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FEATURE: BUSINESS & THE ENVIRONMENT


Low carbon collaboration


KEITH BUDDEN, E.ON strategic partnership manager, explains how he is leading E.ON’s work with organisations across Birmingham to change the city’s relationship with energy – both how it is generated and how it is used.


reduction plan for the future. From a business point of view there is enormous pressure for business to implement efficiency measures and minimise energy consumption in order to reduce overall operational costs. However, businesses often perceive ‘going green’ as being difficult to achieve, and are cautious of shouldering the risk sometimes associated with efficiency projects and sustainable energy technologies, particularly in a challenging economic environment. As a Midlands-based company E.ON has been working closely with city


T


he city of Birmingham faces a huge challenge if it is to meet its ambitious environmental targets – to cut carbon pollution by 60 per cent in the next 15 years. The business community in Birmingham especially has a major role to play in developing a strategic carbon


‘A lot of what we’re doing starts with simple energy efficiency measures, helping people use less and hopefully therefore spend less’


councils in Birmingham and the Black Country, Stoke-on-Trent and Coventry County over recent years on a number of wide ranging projects and initiatives to help deliver the skills, knowledge and investment needed to make truly low carbon cities. Key programmes under development in Birmingham include a major whole house energy efficiency refurbishment programme and a partnership project to train unemployed people and employ them as energy assessors. A lot of what we’re doing starts with simple energy efficiency measures, helping people use less and hopefully therefore spend less on their energy bills. We call it being energy fit. But if we’re to meet those 2026 targets we can’t do it alone and we can’t do it just from home. The entire community needs to work in collaboration. Together, working with business, the public sector and communities in Birmingham, E.ON’s Sustainable Energy business can help make cost savings and carbon targets a reality. The key to success in all this is collaboration; we can no longer just think in old terms about suppliers and customers or businesses and homes. Our work as part of the CABLED electric and low-emissions vehicle trial – alongside Birmingham and Coventry city councils and a number of other industry partners - found that motorists reduced their driving CO2 emissions by one third and reduced fuel costs by over 70%. The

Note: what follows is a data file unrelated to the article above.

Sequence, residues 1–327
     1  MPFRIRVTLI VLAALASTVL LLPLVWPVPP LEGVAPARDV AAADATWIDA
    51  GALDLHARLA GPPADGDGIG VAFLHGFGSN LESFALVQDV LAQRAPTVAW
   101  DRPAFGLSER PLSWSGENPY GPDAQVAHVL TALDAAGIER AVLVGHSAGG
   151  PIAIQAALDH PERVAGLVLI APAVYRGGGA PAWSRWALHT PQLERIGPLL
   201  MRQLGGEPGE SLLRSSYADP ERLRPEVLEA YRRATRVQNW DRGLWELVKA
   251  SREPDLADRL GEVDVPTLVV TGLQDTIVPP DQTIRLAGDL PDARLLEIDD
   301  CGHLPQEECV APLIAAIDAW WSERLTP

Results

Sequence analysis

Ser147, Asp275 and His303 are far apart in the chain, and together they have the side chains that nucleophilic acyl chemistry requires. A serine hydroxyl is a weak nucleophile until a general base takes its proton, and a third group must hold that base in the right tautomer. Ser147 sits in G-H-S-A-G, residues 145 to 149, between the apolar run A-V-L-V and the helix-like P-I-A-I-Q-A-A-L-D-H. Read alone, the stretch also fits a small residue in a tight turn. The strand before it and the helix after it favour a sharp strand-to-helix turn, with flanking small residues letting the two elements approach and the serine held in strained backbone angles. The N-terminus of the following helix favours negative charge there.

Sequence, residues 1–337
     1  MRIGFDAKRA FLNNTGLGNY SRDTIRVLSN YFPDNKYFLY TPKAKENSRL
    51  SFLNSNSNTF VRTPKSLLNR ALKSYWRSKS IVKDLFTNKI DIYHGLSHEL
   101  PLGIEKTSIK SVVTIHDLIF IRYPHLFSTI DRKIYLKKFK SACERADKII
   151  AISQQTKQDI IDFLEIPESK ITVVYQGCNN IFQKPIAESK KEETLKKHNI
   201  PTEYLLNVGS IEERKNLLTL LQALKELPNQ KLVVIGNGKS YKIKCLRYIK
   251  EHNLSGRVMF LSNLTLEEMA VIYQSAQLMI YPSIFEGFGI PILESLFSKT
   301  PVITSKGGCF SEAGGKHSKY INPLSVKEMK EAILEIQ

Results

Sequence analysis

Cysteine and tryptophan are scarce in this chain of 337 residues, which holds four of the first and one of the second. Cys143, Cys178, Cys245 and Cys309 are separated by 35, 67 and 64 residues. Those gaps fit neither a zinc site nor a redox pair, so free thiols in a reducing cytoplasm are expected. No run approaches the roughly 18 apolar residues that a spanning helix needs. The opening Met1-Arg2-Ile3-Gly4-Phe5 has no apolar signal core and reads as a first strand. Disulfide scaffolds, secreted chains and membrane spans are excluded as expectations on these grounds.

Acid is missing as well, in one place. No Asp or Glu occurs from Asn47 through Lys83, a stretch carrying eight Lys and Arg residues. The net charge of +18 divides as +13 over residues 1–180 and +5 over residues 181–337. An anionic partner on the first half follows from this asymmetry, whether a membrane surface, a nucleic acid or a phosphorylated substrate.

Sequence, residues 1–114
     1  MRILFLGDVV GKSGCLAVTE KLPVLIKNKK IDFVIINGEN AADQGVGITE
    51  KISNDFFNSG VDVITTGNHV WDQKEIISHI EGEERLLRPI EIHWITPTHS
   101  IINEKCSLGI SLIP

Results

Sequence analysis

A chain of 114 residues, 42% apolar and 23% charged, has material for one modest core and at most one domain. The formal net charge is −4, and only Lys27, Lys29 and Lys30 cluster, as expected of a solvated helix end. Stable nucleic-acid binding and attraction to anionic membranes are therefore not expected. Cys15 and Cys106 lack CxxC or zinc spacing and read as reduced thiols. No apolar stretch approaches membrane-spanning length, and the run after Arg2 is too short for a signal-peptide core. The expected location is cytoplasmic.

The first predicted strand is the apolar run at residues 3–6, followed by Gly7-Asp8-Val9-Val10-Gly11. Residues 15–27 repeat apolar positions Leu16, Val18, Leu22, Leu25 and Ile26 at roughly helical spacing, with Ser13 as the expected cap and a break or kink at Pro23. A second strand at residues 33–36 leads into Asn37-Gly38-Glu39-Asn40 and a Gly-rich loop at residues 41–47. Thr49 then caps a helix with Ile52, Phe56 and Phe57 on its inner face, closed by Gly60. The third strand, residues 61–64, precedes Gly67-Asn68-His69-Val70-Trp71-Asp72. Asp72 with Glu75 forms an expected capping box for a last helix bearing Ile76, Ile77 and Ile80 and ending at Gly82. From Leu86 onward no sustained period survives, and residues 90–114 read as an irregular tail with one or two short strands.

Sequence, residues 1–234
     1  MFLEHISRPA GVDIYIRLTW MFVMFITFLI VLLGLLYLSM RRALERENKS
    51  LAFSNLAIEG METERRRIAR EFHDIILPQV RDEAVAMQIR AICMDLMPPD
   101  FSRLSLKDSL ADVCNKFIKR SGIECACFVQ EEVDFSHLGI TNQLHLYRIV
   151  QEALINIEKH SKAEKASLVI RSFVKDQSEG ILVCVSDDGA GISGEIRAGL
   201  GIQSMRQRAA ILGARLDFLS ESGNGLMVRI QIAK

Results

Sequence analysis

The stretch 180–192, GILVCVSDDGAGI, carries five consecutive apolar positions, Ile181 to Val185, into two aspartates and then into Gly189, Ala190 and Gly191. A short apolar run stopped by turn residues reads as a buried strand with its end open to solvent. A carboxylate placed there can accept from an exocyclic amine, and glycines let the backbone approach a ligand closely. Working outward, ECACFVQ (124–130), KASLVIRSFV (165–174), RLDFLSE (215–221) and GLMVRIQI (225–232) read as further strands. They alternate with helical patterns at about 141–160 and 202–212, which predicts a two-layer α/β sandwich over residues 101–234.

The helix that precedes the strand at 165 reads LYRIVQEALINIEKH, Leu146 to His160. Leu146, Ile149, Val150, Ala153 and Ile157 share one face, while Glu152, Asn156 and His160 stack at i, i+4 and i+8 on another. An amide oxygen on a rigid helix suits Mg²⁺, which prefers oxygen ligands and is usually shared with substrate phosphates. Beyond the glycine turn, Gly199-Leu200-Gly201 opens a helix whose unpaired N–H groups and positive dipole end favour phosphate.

30 CHAMBERLINK DECEMBER/JANUARY 2011/12


Keith Budden, E.ON’s stategic partnership manager


convenience of city centre charging points has also provided real cash savings which could easily be transferred into a benefit for business’s bottom line. But there’s also the bigger environmental picture, investigating the


potential for solar energy providing electricity for the grid, air source heat pumps to provide renewable heating and a district heating system to make the most efficient use of the city’s existing infrastructure such as anaerobic digestion and combined heat and power plants. We are keen to work with local businesses big and small to help them


become more energy efficient and install renewable energy systems on their buildings. We have the opportunity in Birmingham to build energy efficiency from


the ground up; making sure our built environment is energy fit, taking a holistic approach to planning our energy needs with lower cost and carbon in mind, and educating our communities about their energy use. For me, the key is in demonstrating real value to businesses and


communities; we can prove the benefits in terms of saving energy costs and reducing energy waste, but we can also lay the foundations for a city that is fit for a sustainable future.


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